icon bookmark-bicon bookmarkicon cameraicon checkicon chevron downicon chevron lefticon chevron righticon chevron upicon closeicon v-compressicon downloadicon editicon v-expandicon fbicon fileicon filtericon flag ruicon full chevron downicon full chevron lefticon full chevron righticon full chevron upicon gpicon insicon mailicon moveicon-musicicon mutedicon nomutedicon okicon v-pauseicon v-playicon searchicon shareicon sign inicon sign upicon stepbackicon stepforicon swipe downicon tagicon tagsicon tgicon trashicon twicon vkicon yticon wticon fm
7 Aug, 2017 15:51

Jihadist rehab fiasco? RT talks to locals as de-radicalization center shuts in France

Jihadist rehab fiasco? RT talks to locals as de-radicalization center shuts in France

Inappropriate and a waste of money - these are just two of the concerns listed by locals in a French commune that hosted the country's first de-radicalization center. While this very "experimental" facility got shut, other "small structures" could be opened.

The first – and so far the only – center was opened almost a year ago. It was aimed at solving the issue of radicalization, and was set to give therapy sessions and so-called ‘citizenship classes’ to assist marginalized youths with reintegration to French society.

The Pontourny center, in the commune of Beuamont-en-Veron, central France, was set to accommodate 25-30 people for 10 months at a time.


At the time of its opening, officials were enthusiastic, with local deputy Jean-Patrick Gille announcing that the center could be “an answer to parents who are in doubt,” adding it would be an institution where “one could accompany their youths.”

In a February revision for the Senate, the cost of the center was said to stand at €2.5 million (US$2.95 million). Denouncing “financial mismanagement,” the report recommended “ending the experiment.”

Only nine people visited the center, and none of them finished the course. One of the residents was even arrested for having links to those behind the 2015 Paris attacks, while on leave from his rehabilitation, French media reported.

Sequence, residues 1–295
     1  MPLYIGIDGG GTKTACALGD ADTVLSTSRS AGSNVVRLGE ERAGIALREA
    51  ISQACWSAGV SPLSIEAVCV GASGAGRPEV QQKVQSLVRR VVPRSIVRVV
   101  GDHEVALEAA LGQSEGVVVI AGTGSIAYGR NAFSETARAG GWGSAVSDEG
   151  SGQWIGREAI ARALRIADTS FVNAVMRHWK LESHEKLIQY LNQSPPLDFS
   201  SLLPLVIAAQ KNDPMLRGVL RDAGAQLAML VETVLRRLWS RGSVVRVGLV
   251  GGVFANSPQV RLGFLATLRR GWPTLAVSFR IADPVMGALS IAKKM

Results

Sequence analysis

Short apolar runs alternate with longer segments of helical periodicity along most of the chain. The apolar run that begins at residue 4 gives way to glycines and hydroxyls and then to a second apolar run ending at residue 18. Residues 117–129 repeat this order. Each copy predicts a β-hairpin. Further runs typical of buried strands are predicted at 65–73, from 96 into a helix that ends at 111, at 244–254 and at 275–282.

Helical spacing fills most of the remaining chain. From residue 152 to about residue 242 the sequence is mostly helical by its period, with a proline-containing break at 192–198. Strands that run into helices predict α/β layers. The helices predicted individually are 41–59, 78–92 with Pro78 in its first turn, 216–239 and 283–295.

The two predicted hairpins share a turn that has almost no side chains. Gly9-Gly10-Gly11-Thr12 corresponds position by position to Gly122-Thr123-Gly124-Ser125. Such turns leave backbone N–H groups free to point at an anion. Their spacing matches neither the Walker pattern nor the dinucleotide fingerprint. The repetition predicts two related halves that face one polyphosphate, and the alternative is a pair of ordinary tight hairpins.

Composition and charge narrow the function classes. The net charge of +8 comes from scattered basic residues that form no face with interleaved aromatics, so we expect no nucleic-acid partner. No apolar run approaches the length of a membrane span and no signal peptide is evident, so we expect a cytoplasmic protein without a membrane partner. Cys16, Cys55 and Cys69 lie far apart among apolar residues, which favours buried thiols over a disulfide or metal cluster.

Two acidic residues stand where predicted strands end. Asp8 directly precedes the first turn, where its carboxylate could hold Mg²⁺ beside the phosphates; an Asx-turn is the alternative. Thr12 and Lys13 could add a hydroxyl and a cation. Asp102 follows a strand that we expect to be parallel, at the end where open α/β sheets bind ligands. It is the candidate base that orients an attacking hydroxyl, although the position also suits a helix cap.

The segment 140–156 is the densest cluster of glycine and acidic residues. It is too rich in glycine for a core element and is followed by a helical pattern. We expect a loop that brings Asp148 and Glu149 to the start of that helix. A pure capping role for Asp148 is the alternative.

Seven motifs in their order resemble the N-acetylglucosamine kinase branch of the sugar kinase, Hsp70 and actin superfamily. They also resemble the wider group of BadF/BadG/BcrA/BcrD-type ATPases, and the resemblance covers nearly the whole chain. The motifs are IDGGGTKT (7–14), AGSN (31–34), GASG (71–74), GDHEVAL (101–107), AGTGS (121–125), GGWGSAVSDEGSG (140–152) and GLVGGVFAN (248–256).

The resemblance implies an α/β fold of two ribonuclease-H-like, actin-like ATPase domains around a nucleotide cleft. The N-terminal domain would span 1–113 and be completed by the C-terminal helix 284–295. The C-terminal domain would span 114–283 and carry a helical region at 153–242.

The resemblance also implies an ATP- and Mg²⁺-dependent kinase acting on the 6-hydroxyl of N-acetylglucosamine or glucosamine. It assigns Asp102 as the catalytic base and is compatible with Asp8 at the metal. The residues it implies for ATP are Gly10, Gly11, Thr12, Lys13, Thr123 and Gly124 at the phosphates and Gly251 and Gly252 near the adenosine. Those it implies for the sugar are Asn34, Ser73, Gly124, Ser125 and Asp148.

Since February, not a single person has visited the center to be de-radicalized, RT’s Charlotte Dubenskij reported, standing near the center’s closed doors, with filming and taking photos forbidden.

The French authorities themselves recognize that the center hasn’t exactly been a success.

“It is a complete fiasco, everything is to be rethought, everything is to be reconstructed,” the chairman of the Senate Law Commission, Philippe Bas, said back in February.

Hundreds of locals had protested even before the center opened, with complaints voiced that the authorities didn’t consult them.

The locals are still incredulous over the whole project, even after the announcement in late July that the center would be shut down, as RT learnt.

“Yes, I would say this is a fiasco. This could not have turned out well if it was organized this way. Just letting people in and convincing them to think the other way or to see differently. This is too expensive,” one man told Dubenskij.

“Money spent this way is a waste. There are so many other things to do, but to spend it on radicalized people – no,” a woman told RT. “I think the location was inappropriate, as it is quite close to the town, to the kids. This is too close to houses, and not very secure. And we were not properly informed, we didn’t receive any information,” she voiced her concerns.

“I was against this center from the very beginning, and I’m happy it is now closed. This center should not have been here, there is a nuclear plant near here!” another local resident pointed out to RT. The Chinon nuclear reactor is 5.5km from the town.


“Many people sold their houses because of the center,” a local woman said.

Despite what many slam as a failure, the French government says it “will study the possibility of opening [some other] small structures" to develop alternative solutions to incarceration, Liberation reported in July, citing a statement by the Interior Ministry.

Terrorism expert David Lowe believes it's not enough to isolate potential jihadists from the French population, and try to teach them how to de-radicalize.

“I think that the French, this time, on this issue, got it wrong. You don’t really remove individuals, taking them to the remote parts of France, just by taking them away from the community and preaching to them. I think this has been the wrong approach, and I think this is why in the end, it became ineffective,” Lowe told RT.

Some 270 jihadists have returned to France from Syria and Iraq, the French interior minister said, with around 1,900 French citizens fighting with terrorists in Syria and Iraq as of mid-2016. In February, French media reports said that some 2,200 people are being monitored in France by security services.